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Feds hire 2 doctors who say Gosy's pain meds led to deaths of 6

Citing independent reviews by two doctors, federal prosecutors asked a judge Tuesday to stop Dr. Eugene Gosy from practicing medicine.

The judge denied their motion.

In making their request, prosecutors pointed to the doctors' evaluations of Gosy's files and their conclusion that his pain medication prescriptions contributed to the deaths of six patients.

Gosy, charged in a new federal indictment linking him to the six deaths, was arraigned on those charges Tuesday and pleaded not guilty. He is the first local doctor to be charged with such a crime.

The new 166-indictment against Gosy identifies dozens of lapses in medical judgement, enough to question his right to continue practicing medicine, Assistant U.S. Attorney Maura K. O'Donnell said.

"At least six of those lapses in judgment resulted in the deaths of patients," she told U.S. Magistrate Judge H. Kenneth Schroeder Jr.

Schroeder, concerned about Gosy's ability to make a living and pay for his legal defense, denied the government's motion for a change in bail. He also said the current arrangement that allows Gosy to see patients but rely on other doctors to prescribe medications is working.

When asked about the two new doctors and their evaluations of Gosy's patients, his defense lawyer dismissed their opinions.

"They practice what I call first-degree hindsight," defense attorney Joel L. Daniels said. "They look at these cases and say, yea, you could have done this, you could have done that."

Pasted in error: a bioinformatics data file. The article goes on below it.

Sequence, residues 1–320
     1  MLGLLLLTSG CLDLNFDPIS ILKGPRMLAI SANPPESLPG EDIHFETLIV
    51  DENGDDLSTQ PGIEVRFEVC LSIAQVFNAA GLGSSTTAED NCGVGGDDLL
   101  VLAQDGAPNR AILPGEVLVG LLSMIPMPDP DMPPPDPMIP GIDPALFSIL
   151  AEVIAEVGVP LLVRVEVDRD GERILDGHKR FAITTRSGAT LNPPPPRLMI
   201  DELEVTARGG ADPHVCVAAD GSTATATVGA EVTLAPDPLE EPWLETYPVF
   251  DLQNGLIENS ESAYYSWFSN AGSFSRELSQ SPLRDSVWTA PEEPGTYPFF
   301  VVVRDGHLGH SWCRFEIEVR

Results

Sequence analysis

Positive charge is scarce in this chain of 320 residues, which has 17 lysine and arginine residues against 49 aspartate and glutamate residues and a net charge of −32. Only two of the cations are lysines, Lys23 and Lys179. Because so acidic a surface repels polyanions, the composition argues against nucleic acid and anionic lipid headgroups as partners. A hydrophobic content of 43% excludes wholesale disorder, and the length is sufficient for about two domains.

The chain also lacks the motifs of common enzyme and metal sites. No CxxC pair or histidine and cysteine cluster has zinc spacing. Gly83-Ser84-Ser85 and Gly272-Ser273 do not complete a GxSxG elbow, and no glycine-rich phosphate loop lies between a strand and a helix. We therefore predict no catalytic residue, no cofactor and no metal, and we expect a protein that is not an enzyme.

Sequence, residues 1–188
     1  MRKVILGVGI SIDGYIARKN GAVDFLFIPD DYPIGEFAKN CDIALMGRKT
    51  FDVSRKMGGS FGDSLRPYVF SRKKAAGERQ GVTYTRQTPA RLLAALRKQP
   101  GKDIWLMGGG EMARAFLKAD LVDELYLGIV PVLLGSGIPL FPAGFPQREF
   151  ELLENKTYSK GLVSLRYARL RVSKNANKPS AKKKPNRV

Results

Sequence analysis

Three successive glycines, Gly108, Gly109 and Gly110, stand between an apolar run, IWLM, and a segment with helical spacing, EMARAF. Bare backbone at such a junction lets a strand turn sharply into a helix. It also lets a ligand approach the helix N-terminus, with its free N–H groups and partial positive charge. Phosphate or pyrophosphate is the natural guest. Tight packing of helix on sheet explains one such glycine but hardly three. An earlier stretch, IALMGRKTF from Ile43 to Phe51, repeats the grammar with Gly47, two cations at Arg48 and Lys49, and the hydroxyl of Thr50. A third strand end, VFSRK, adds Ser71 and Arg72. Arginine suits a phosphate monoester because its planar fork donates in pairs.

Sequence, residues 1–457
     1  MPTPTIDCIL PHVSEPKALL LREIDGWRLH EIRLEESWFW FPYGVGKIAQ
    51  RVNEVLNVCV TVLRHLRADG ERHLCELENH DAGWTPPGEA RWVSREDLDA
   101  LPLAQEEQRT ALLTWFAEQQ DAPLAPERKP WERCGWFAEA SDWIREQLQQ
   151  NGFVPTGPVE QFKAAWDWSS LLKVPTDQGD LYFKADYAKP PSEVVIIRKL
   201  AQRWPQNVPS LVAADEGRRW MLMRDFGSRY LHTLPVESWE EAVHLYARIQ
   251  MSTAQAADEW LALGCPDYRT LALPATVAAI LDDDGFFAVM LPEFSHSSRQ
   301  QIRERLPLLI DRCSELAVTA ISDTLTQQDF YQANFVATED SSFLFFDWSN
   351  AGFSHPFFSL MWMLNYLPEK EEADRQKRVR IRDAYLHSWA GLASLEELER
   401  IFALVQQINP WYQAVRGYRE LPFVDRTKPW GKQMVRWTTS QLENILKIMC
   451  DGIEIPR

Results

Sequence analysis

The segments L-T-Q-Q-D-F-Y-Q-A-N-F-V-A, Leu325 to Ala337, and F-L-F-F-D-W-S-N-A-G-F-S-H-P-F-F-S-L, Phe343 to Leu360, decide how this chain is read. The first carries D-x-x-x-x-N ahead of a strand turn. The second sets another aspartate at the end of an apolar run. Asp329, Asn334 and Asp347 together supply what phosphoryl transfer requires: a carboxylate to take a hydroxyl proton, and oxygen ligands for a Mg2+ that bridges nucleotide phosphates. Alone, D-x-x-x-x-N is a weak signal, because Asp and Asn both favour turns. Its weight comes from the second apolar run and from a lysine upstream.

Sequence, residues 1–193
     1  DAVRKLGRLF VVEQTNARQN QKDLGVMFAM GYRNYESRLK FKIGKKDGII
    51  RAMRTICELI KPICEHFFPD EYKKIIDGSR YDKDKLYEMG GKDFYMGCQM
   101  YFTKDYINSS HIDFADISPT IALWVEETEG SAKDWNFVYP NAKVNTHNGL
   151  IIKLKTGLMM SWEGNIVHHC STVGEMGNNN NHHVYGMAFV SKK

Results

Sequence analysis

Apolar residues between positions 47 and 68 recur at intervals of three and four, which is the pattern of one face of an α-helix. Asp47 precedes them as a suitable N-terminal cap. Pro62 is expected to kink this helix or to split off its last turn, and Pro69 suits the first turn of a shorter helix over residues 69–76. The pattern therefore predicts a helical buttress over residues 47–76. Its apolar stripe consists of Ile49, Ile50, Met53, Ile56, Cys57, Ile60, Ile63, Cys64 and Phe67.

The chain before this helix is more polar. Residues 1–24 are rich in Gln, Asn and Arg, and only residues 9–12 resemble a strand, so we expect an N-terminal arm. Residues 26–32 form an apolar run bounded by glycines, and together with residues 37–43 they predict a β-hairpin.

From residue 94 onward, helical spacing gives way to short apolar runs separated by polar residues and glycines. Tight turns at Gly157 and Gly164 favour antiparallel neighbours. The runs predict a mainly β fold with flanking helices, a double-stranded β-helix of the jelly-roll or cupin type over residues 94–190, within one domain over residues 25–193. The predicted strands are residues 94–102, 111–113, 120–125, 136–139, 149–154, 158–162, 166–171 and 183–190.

The government-hired experts are Dr. Theodore Parran, a faculty member at Case Western Reserve School of Medicine, and Dr. Stacey Hail, an associate professor of emergency medicine and medical toxicology at the University at Texas Southwestern Medical Center.

The indictment claims Gosy, when faced with warning signs of abuse or addiction in his patients, ignored those signs and instead prescribed more drugs.

Prosecutors said family members of some of Gosy's patients went to him and asked for help in dealing with their family member's addiction, and the doctor turned a blind eye.

Daniels acknowledged the victims were his client's patients, but said their drug abuse cannot be blamed on the doctor who was trying to help them.

Known across New York, Gosy had one of the largest pain medication practices in the state when he was arrested last year.

The new indictment replaces the earlier charges. Over a 10-year period ending last year, he is accused of prescribing fentanyl, oxycodone, morphine and other pain medications to patients who were abusing the drugs.

He also is charged with defrauding the state workers compensation system by submitting patient claims for office visits when he was actually outside the Buffalo area.

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